Residents of the Hollywood Hills have been known to throw a good party since the Tinseltown’s Golden Era, when the entertainment industry’s elite and not-so-elite first began populating the area.
Peter Sellers and Blake Edwards famously satirized the scene in the 1968 movie “The Party,” whose tagline was “if you've ever been to a wilder party... you're under arrest.”
But these days, some residents said they’ve had enough. Their complaint is less about the occasional loud soiree but that homes have become semi-professional venues where parties feature red carpets, security guards and wild animals.
Complaints about noise, traffic congestion and safety risks presented by house parties that bring hundreds of revelers up the narrow, winding roads of the Hollywood Hills have prompted the area’s councilman to seek new regulations.
The Los Angeles City Council voted last week to draft a citywide ordinance beefing up the city’s laws targeting so-called “party houses.”
Some neighbors contend new laws are needed because some homes have essentially become nightclubs.
“They don’t necessarily have the same kind of traffic mitigation or security,” said George Skarpelos, vice president of the Hollywood United Neighborhood Council. “Oftentimes you would see this terrible traffic where an emergency vehicle couldn’t get through at all.”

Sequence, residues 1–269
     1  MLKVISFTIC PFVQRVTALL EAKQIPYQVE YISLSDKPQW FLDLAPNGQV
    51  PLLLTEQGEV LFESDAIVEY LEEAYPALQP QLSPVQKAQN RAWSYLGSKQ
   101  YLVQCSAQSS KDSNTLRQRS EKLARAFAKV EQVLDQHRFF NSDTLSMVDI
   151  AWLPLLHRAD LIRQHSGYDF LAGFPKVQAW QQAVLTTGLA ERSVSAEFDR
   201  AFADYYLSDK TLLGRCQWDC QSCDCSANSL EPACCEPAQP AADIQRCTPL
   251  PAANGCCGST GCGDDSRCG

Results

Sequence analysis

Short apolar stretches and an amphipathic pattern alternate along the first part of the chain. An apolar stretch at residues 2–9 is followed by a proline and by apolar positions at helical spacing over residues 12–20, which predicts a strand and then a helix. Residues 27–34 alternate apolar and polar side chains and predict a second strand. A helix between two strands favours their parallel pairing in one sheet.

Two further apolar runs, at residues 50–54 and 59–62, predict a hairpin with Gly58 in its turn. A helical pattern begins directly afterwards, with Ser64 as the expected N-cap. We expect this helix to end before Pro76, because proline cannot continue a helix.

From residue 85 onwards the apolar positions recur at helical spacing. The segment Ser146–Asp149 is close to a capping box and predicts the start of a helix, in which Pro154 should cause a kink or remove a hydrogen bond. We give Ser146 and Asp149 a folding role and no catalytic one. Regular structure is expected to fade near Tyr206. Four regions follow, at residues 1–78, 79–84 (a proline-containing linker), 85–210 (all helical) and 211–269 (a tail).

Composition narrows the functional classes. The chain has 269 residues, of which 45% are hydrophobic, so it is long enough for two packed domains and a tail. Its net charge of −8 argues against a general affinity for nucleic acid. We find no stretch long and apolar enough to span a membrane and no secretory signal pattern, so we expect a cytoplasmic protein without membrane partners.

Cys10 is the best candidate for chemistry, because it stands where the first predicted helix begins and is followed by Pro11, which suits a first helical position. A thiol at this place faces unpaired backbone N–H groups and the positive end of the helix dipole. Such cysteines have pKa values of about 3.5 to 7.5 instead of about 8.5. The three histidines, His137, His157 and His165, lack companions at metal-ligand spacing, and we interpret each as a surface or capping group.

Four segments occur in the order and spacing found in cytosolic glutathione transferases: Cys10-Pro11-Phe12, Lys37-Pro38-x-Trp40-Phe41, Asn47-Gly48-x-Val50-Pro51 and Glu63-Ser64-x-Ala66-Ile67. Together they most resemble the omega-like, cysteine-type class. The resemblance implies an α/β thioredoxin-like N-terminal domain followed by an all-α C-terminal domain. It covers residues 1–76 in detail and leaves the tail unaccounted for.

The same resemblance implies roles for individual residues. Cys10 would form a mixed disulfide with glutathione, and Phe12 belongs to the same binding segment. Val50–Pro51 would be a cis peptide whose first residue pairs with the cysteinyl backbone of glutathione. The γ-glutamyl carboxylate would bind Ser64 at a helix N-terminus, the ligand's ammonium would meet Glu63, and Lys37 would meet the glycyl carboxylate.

Some of the parties attract hundreds of people who pay a cover charge for entrance, Skarpelos said.
“We’re not talking about somebody’s birthday party,” he said.
In Outpost Estates, buses bringing partygoers up to the houses often block canyon roads, said Anastasia Mann, president of the Hollywood Hills West Neighborhood Council. “Amazing. Just amazing how discourteous people can be — and threatening,” Mann said.
And then there’s the danger of having a caged lion at a party.
“Any lion or elephant or even a baboon — it doesn’t matter. They’re all wild animals even if they’re in captivity,” Mann said.
The lion appeared in a home owned by Danny Fitzgerald, whose four mansions near the Hollywood Reservoir have been the backdrop for big parties, magazine spreads and television shows. (On the subject of the lion: “He was in a cage. A circus cage. And he’s a movie star.”)
Singers Justin Bieber, the Weekend and Ne-Yo have all rented the homes at various times.
In response to the complaints, Fitzgerald said his leases now include strict party rules: No amplified music outdoors. No parking. No posting to social media. Violators risk losing their security deposit.
“The problem L.A. has is clubs close too early,” Fitzgerald said. “The people still want to party. They still want to go out.”
The new ordinance proposed by Councilman David Ryu would expand the definition of a “nuisance,” impose new fines, allow liens on problematic properties and temporarily prohibit the short-term rental of any property found to be in violation.
“Egregious ‘party houses’ represent only 1% of the homes in my hillside communities. However, we must provide LAPD more effective enforcement tools that will bring relief to the 99% of residents who are besieged by these inconsiderate neighbors,” Ryu said.
The new law is expected to be written by early next year.